Life in a small town through Rosendal-coloured spectacles
The Free State town lives up to its botanical name, but locals hardly slow down enough to smell them.
‘When people ask what there is to do in Rosendal,” said the owner of Inglesby’s B&B and a long-time resident, Nelmarie Inglesby, when I visited some time ago, “I say ‘nothing’.
You don’t come here to do anything except unwind.”
It is clearly not advice many of the residents of this seemingly soporific eastern Free State dorp take to heart. Despite its sleepy exterior, everyone in this town seems to be on some kind of mission, be it painting, soap-making, weaving, farming or some kind of industry or another.
Take Inglesby, for example. Aside from running the B&B, she has separate self-catering accommodation and is an estate agent and an active member of the community. “I was a breech baby,” she said. “I was born feet first and I haven’t stopped running since.”
Wedged in a valley between the Witteberge and the Drakensberg mountain ranges, the town sports only one tar road and a handful of about 100 full-time residents. There is, like most small towns in this region, a disproportionately large sandstone church with a steel spire that flickers into view against the crisp blue sky almost regardless of where you are in town.
Originally a farm, Rosendal was established in 1911 when the widow of landowner Phillip Botha was asked to name the area. With with her son, she came up with two names: Liliesfontein and Rosendal (rose valley). The latter won and the town was named after the abundance of rambling roses in the area.
“The missionaries imported them to make rosehip powder to give to people in Lesotho for the vitamin C, but of course the seeds spread everywhere,” said Nelmarie, sweeping her arm in a wide arc across the landscape running below the mountains.
Like the abundant pink flowers, the town has proved fertile soil for artists, eccentrics and entrepreneurs.
Galleries easily outnumber general stores and there is not one ATM, so locals tend to barter instead of trading in cash. Visitors, however, should draw money before they arrive. Bring a bit more than you bargained for, because there is a surprising amount of shopping to be done.
For starters, there is Skoppelmaai Gallery, where owner Willem Pretorius shows his photorealistic paintings alongside Wim Rautenbach’s atmospheric landscapes. If the gallery is closed when you arrive, give Pretorius a call and he will gladly open for you.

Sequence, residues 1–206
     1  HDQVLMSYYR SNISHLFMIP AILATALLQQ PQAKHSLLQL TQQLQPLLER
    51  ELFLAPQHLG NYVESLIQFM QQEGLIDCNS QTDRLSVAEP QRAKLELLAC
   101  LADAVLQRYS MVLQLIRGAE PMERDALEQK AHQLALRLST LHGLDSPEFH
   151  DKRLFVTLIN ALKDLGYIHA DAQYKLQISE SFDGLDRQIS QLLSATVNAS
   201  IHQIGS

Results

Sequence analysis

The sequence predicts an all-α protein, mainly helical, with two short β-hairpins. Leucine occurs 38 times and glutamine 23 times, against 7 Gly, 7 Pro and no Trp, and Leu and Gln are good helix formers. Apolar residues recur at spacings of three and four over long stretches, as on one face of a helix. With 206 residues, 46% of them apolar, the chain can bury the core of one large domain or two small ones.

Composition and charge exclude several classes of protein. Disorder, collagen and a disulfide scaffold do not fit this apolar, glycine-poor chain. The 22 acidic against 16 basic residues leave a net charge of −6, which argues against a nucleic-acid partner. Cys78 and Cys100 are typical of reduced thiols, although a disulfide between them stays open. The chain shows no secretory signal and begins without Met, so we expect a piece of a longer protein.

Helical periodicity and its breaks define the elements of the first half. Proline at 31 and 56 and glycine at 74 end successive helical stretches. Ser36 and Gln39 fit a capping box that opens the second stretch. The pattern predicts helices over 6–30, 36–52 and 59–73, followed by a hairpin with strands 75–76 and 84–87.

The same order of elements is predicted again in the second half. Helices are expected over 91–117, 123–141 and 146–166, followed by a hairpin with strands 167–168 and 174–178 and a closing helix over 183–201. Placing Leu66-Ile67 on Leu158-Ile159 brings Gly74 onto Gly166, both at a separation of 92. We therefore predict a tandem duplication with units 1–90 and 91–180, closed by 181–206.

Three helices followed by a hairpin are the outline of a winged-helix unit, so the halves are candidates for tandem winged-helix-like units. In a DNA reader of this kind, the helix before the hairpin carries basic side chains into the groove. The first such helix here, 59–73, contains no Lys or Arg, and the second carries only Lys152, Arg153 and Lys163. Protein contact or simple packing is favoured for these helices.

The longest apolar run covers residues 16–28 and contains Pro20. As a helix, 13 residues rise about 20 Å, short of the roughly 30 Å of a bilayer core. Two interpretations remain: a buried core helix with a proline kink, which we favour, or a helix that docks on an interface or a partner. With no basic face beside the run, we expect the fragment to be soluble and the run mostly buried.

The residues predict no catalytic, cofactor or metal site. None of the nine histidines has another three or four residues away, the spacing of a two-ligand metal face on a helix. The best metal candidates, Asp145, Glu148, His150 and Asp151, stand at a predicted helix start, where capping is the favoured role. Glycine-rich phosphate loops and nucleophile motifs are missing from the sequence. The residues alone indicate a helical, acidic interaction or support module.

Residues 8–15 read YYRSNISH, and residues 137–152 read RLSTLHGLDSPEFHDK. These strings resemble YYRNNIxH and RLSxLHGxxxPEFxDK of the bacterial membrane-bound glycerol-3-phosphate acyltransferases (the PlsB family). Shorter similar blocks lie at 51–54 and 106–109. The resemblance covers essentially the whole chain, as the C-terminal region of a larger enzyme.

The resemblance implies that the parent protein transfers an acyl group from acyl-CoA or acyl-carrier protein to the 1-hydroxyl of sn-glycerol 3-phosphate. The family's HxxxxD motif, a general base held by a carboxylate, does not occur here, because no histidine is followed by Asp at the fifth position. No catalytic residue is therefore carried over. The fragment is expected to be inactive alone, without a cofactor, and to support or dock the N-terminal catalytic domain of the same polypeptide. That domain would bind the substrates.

Next door, Johanna Brand Studio and Gallery exhibits oil prints, etches and big and small sculptures made by Marinda du Toit from old kitchen implements.
About 200m away is the Meerkatkolonie, an art gallery and gift shop owned and run by Dahla Hulme and Michele Nigrini, whose works adorn the gallery. Even the shop assistant, Josephina Tumusi, plays her part in stocking the shop by making small lappoppies, rag-type dolls that she churns out in rainbow colours as bright as her smile.
Although its founder, Chris van Niekerk, aka Francois from the soap opera Sewende Laan, has sold up and the Rosendal Theatre has changed locations, it is still a major drawcard that hosts regular shows by established as well as up-and-coming artists and musicians.
The main shopping “district” is Kriek Street, where you will find Suzani, Turksvy Trading and Enamel. It will take a morning of slow browsing to cover the lot, although the town’s retail offerings keep expanding and each visit brings a host of new offerings, which leaves the rest of the visit for hiking, bird-watching and relaxing.
The 7.5km Mosamane hiking trail on the foothills of the Maluti Mountains close to Rosendal cuts through yellow-and-red sandstone that carves out strange natural sculptures in the colourful floral landscape. It is home to secretary birds and bald ibis, among others. In fact, all of Rosendal is birder-friendly.
Birds of a feather
One enthusiast is André Loots, textile weaver and soap-maker, of Studio Ben. Rosendal is home to vultures, blue crane and four species of owl: the barn, spotted eagle, Cape eagle and marsh. You can also spot a wide variety of water birds.
“When we take visitors for a drive to the dam, we see up to 60 birds. We don’t even stop for spoonbills anymore, we see them so often,” said Loots.
If all the relaxing has worn you out, book a massage or beauty treatment at the Rosendal Country Retreat, the hamlet’s only hotel. When you are done, enjoy a cold drink on the stoep or stay for dinner and have the resident chef cook you a feast from local produce.
After dinner, you might be surprised to find that the bar is pumping. It is amazing just how many people come out of the woodwork at party time.
“I bet you didn’t expect to find so many people here,” said a moustached farmer in two-tone khaki regalia. “I most definitely didn’t,” I agreed, as we lifted our beers and toasted the waning day.